Reading Therapy Dogs
There is now a new kind of therapy dog, called READ – Reading Education Assistance Dogs.
Children who are having trouble reading are getting help from these dogs. Dogs are good listeners and are not critical, so kids like to read to them.
According to USA Today:
For years, besides being companions, dogs have been trained to help the blind, sniff for explosives and provide a soothing calm for hospital patients. Now they’ve found a niche as listeners.
Feel-good folly? No way, said Kathy Brake, the principal at Washington Grove. For schools to raise reading scores, children must improve in pronouncing and comprehending words. So first, she said, some kids must learn to relax and enjoy reading.
The kids don’t question whether the dogs are listening. They assume it.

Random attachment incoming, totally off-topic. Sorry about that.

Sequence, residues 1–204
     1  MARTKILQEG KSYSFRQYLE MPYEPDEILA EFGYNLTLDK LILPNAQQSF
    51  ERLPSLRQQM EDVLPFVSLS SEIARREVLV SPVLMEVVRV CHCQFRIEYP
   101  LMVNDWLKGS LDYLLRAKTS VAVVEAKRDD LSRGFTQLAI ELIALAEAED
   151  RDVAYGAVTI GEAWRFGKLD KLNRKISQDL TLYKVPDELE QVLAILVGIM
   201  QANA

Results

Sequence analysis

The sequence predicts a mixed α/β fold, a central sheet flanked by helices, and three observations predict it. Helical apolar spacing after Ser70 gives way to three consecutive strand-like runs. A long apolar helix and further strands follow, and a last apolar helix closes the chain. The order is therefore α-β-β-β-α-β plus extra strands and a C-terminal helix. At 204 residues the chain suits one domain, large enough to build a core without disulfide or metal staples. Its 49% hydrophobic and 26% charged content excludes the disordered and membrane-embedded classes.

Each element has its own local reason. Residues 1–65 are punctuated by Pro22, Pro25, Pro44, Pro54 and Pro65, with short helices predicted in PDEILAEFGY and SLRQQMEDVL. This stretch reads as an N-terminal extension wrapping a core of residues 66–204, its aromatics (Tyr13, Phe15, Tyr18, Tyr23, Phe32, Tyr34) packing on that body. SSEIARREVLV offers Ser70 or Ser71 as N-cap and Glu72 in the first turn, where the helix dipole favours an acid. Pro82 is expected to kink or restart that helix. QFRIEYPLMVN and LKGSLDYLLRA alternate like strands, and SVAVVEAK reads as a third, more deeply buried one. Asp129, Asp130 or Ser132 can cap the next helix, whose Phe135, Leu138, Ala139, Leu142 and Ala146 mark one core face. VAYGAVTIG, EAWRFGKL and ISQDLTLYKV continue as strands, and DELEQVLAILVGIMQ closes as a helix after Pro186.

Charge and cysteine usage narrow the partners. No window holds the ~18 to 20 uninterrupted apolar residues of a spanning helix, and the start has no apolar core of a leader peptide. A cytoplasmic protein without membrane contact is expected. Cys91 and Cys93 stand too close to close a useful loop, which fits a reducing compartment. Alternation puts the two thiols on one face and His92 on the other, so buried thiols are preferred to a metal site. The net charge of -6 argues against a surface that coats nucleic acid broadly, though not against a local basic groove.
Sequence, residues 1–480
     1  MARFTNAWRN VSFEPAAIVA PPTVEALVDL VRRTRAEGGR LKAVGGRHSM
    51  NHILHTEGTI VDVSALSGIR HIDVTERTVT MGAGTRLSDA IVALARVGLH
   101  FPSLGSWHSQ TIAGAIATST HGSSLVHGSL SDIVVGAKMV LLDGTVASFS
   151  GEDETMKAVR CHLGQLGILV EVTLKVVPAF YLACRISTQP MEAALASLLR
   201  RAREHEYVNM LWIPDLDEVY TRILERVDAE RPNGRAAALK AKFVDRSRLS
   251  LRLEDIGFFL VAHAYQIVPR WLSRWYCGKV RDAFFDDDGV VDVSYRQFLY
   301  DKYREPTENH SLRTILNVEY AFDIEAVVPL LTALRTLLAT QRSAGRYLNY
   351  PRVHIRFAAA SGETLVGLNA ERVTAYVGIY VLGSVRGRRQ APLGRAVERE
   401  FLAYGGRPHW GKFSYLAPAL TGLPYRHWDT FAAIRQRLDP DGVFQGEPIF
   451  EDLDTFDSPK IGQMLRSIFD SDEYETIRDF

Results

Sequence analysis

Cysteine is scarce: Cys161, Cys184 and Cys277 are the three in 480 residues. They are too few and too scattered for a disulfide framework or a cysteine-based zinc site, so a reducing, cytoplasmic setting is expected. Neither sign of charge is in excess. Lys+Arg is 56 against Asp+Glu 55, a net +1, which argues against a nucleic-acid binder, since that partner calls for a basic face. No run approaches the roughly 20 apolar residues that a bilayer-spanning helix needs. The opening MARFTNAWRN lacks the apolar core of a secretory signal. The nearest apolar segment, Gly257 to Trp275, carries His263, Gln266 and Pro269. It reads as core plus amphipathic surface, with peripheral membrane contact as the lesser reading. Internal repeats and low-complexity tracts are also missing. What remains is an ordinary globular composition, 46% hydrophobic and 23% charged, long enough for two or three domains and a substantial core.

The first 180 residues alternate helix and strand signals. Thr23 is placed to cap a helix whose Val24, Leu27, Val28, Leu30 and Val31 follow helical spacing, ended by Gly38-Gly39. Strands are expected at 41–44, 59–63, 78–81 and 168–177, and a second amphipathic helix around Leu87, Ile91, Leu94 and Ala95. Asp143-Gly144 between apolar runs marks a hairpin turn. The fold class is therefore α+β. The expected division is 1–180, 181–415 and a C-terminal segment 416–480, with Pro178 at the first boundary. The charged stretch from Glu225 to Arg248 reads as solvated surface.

When Robin Kirk runs her READ lessons at Chevy Chase Elementary in Maryland, some of her students ask if her dog, Scout, has any questions for them. One child brought in four books and asked Scout to pick the one he wanted. Kirk went with the one Scout put his nose on.
The idea is catching on.
The number of dog-and-owner reading teams in schools, libraries and other sites totals more than 750 in 45 states, according to Intermountain Therapy Animals, the Utah-based non-profit that created the program. That’s up from less than 100 registered teams in early 2004.
I think this is a great idea. And why only use it in school? If your child needs practice reading, maybe having your child read to the dog would work out great!